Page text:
I mean, really?? I’m a scientist, and just reading that even made *my* eyes glaze over. If one thing they’re trying to convey is the importance and relevance of the scientist’s research to GQ readers, what percentage of the readers are really going to walk away with a deeper understanding of what Dr. Jamieson does by reading that description? It would have been a small thing to ask each participant to submit a layman-friendly version of their research (their “elevator talk” description, for example) for GQ to include.

Finally–one of the “scientists” is Dr. Oz. What is he doing in there? One, I would think he’s already well-known enough; why not save that spot for another scientist? Two, yes, I know he’s actually done research and published, and is on the faculty at Columbia. Fantastic. He’s also a serious woo peddler, who has even featured everyone’s favorite “alternative” doc, Joseph Mercola, on his talk show, and discussed how vaccines may be playing a role in autism and allergies (despite mounds of evidence to the contrary). This seems to completely contradict their goal of “research funding as a national priority,” since Oz is often (and Mercola is always) highly critical of “mainstream medicine.” I really don’t understand his inclusion, and think it’s to the detriment of the rest of the campaign.

I know, this is quite a lot of complaining (isn’t that what bloggers *do*?), but I’m sincere in hoping that this campaign does raise awareness. I hope they expand it beyond GQ–why not do something similar in magazines with a larger female readership, such as Good Housekeeping or even People magazine? Women are the ones who make many of the healthcare decisions, after all. We’re often advocates for health and healthcare research–and if more funding is what they’re ultimately looking for, we vote too.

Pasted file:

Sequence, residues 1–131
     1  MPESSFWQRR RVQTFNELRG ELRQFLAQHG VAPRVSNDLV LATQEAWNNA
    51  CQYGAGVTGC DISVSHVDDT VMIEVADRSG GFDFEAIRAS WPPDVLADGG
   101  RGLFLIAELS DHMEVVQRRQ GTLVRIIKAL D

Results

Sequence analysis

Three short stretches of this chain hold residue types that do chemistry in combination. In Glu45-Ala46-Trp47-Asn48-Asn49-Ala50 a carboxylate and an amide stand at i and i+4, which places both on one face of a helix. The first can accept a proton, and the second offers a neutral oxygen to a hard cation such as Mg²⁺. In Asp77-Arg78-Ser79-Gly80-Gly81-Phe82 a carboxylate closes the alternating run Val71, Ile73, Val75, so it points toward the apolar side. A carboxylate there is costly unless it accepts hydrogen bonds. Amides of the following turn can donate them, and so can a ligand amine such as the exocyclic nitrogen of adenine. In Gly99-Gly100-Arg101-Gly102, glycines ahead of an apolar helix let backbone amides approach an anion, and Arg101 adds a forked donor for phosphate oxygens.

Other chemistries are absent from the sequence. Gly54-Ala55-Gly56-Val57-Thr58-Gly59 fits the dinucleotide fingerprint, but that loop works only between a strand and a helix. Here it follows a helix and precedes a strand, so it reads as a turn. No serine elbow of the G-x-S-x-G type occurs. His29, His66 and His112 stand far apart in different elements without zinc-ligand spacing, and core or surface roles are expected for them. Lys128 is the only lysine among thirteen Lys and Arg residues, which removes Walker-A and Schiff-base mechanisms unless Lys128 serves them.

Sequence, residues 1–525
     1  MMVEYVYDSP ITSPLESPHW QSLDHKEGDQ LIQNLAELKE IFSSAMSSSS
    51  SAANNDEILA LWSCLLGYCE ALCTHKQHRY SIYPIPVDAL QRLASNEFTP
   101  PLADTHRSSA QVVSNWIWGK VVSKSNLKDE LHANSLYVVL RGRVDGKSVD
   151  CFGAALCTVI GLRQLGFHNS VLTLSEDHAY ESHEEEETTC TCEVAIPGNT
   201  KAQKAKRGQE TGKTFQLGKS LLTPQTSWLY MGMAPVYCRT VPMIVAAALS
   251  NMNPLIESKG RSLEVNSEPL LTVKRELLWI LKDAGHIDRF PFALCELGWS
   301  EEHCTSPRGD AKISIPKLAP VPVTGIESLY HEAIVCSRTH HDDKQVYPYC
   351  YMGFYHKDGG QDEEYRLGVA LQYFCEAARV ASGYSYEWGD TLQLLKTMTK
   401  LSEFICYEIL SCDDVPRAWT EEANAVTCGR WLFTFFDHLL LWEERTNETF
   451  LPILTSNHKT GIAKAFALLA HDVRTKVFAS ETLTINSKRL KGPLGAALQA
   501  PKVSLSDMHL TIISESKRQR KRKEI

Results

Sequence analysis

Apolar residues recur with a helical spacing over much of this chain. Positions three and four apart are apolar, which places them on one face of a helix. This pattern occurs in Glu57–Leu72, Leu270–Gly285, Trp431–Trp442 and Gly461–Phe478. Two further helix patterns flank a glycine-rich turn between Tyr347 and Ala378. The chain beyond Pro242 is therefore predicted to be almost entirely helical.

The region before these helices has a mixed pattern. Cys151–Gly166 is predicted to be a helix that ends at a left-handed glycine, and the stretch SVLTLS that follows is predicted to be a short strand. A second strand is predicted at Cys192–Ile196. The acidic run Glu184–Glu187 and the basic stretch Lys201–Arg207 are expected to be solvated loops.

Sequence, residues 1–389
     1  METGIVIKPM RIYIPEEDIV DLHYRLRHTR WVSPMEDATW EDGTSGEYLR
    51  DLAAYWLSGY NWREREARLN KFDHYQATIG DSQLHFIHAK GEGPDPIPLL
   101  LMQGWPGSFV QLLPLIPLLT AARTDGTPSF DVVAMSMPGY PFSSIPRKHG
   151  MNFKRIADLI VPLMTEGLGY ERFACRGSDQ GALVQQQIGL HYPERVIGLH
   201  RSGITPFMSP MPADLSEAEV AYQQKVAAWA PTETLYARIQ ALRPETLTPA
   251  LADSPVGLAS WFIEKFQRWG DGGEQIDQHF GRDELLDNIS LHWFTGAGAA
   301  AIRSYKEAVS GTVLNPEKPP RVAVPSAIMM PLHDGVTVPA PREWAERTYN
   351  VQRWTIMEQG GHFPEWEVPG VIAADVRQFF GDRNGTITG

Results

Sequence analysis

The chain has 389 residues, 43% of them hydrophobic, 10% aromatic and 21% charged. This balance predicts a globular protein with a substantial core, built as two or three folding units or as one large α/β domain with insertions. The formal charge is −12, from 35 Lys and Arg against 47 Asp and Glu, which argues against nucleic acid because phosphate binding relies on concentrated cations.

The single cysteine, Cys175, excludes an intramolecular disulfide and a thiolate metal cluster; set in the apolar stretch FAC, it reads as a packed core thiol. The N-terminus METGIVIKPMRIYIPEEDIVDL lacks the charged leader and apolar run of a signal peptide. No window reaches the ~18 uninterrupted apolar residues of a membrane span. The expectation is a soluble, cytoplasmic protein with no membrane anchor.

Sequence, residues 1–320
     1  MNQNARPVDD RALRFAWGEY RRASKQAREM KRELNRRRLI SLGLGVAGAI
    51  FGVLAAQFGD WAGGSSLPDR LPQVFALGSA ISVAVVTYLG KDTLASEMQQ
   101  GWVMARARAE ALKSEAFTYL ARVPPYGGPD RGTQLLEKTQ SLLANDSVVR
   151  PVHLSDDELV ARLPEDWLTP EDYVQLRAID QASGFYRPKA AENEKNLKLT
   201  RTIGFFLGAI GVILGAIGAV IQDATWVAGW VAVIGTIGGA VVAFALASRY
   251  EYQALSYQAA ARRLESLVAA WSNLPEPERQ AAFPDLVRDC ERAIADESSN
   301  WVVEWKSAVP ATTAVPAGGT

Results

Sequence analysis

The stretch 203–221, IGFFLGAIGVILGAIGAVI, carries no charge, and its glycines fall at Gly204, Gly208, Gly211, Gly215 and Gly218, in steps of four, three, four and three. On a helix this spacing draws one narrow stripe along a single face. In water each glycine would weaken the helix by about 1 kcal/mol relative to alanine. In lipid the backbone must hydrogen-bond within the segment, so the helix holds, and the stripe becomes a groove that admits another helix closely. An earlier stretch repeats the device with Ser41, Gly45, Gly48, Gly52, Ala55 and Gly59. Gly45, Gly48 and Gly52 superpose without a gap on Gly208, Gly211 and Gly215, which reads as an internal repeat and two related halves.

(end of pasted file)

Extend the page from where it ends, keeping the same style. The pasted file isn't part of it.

[Edited to add: Science has an article on the campaign as well.]

Skepchicks are made of awesome–and they could use your help

The Skepchicks are sponsoring a pertussis vaccination clinic at Dragon*Con over Labor Day weekend. They’re teaming up with the Georgia Dept. of Health, who is providing free assistance and vaccines, but they need some assistance raising funds to cover space rental, posters, and other miscellaneous charges. If you’re able to assist, you can donate to their “Hug me! I’m vaccinated!” campaign at the links included in the post.

And while I’m nagging about donations, I’ll also note that donations to help the flooded in Pakistan have been slow, especially compared to the Haiti earthquake. If you can spare a few dollars, Doctors Without Borders is one of my favorite charities (though I’ve not seen a dedicated Pakistan donation page there), and here is one list of other charities working there. With either of these causes, remember that every little bit helps.